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Saturday, August 25

5 Critically Endangered Fishes in India

Despite being in a comparatively inaccessible habitat, many endemic fish species in India are at the verge of extinction. According to the latest IUCN red data list, there are more than a dozen species of organisms under the Chondrichthyes class of fishes in India which are classified as endangered. Among this, five of them are considered critically endangered in India.

The Pondicherry Shark (Carcharhinus hemiodon)

No records of this species are available from India during the last two decades, with the last known spotting taking place in 1979. However, it is still considered as critically endangered and even possibly extinct from the face of the earth. This rare and little known fish species takes it name from Pondicherry, a union territory in South India.

The Pondicherry Shark, Carcharhinus hemiodon

The Pondicherry Shark (Carcharhinus hemiodon)

According MoEF documents, this marine fish was reported inshore on continental and insular shelves.  As per earlier records, the fish was once widely distributed in Indian Ocean – from Gulf of Oman to Pakistan and India. Though there are no records of the species near the shores of Sri Lanka, it is expected that this rare fish will be present here also. The Pondicherry shark has been once reported from the mouth of the Hooghly River also.

Like the case of many fish species, Pondicherry shark also is a victim of indiscriminate commercial fishing in inshore aquatic habitats. The population of this fish is almost completely depleted to an extent that it is no more reported even as a by-catch from the areas around its natural habitat.

The Ganges Shark (Glyphis gangeticus)

The Ganges Shark got its name from its mother river Ganges where it was found in plenty numbers once. Though not much is known about the nature and character of this shark, it is known that it has adaptations which help it lead the life of a fish eating shark.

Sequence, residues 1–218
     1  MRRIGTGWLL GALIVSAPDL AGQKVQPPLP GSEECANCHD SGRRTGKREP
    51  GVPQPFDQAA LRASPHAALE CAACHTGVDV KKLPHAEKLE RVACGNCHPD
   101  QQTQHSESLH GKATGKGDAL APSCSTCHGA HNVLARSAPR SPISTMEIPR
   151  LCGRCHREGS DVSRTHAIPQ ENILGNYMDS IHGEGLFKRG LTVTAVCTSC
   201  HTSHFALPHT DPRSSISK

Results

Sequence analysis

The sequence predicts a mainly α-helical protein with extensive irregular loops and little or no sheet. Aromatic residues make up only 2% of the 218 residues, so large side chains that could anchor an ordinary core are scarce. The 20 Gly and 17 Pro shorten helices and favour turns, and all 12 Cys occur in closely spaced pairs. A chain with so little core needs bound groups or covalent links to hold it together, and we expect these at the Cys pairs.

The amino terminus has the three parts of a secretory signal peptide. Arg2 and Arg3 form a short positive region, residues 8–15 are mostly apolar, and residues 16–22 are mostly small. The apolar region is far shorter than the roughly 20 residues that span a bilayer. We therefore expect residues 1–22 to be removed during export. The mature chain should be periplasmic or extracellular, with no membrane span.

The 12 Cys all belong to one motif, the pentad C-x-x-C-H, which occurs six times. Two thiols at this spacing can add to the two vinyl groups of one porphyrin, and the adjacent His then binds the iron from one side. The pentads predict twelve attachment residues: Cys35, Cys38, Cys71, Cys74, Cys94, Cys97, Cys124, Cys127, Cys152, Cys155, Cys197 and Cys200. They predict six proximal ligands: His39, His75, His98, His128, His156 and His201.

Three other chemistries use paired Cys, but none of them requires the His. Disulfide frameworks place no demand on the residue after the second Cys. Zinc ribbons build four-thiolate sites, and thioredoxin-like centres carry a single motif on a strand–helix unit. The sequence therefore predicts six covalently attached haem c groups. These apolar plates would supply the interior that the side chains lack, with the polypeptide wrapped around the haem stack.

The Ganges Shark, Glyphis gangeticus, critically endangered fish

The Ganges Shark (Glyphis gangeticus)

Its unique body adaptations include the small eyes which help it to survive in turbid waters and slender teeth which help it to have a fish diet.  Mature individuals are recorded to grow up to a length of 2.04 meters. 

Actually found in the turbid waters of river Ganges and Bay of Bengal, the fish has been reported from Hooghly river mouth region also. There are speculations that the fish can be present in Pakistan also. 

Ganges shark is also a victim of indiscriminate shark hunting fisheries. Construction of dams and barrages in Ganges and the alarmingly rising pollution of the habitat have also contributed to a drastic population fall of these fishes.

Though there have been not a single instances of finding a live specimen of the species in recent times, a few jaws of the species were spotted in the international market suggesting that the species is not  completely extinct.

Long-comb Saw fish or Narrow-snout Sawfish (Pristis zijsron)

Long-comb Saw fish, Narrow-snout Sawfish, Pristis zijsron

Long-comb Saw fish (Pristis zijsron)

Usually found in shallow water, Long-comb Sawfish can grow up to 4.3m in length. The reports of these species varies considerably from 40 metres belwo the sea surface to the muddy bottoms of inland estuaries.

Distributed in the Indo-Pacific region including Australia, Cambodia, China, India, Indonesia and Malaysia, this fish is also a victim of indiscriminate fishing and aquarium trade.

The Knife-tooth Sawfish (Anoxypristis cuspidata)

The Knife-tooth Sawfish, Anoxypristis cuspidata
The Knife-tooth Sawfish (Anoxypristis cuspidata)
Resembling sharks in its body structure, the Knife-tooth Sawfish has a long narrow snout with blade-like teeth. This fish can grow up to 2.8 meters.

With its ability to survive in a range of salinity conditions, it is found in shallow coastal waters as well near the bottom of the sea even up to a depth of 40 meters. This ability has given it a widespread distribution in the western part of the Indo-Pacific region, including Red Sea.

Their unique feature – the long saw with teeth on it, make them easily caught even in primitive fish nets. Since their meat, fins and saw are highly valued, they end up in the international trade rackets, even if caught as a by-catch by fishermen.

Large-tooth Sawfish (Pristis microdon)

Large-tooth Sawfish, Pristis microdon

Large-tooth Sawfish (Pristis microdon)

Found in the western part of the Indo-Pacific in countries like East Africa to New Guinea, Philippines and Vietnam to Australia, Large-tooth saw fish is unique with its heavy-body and short, massive saw. Mature indivduals have been recorede to grow to a maximum of 3 meters in length. Usually a bycatch with Bull Sharks and the Green Sawfish, Large –tooth Sawfish is reported from inland waters of Mahandi River even up to 64 km off the coast. According ot MoEF documents, it is common in the estuaries of the Ganga and Brahmaputra, but its present records are rare.

While dam construction and pollution from industries and other sources has destroyed its habitat considerably, indiscriminate aquarium tarde is also threatening the existence of this fish.

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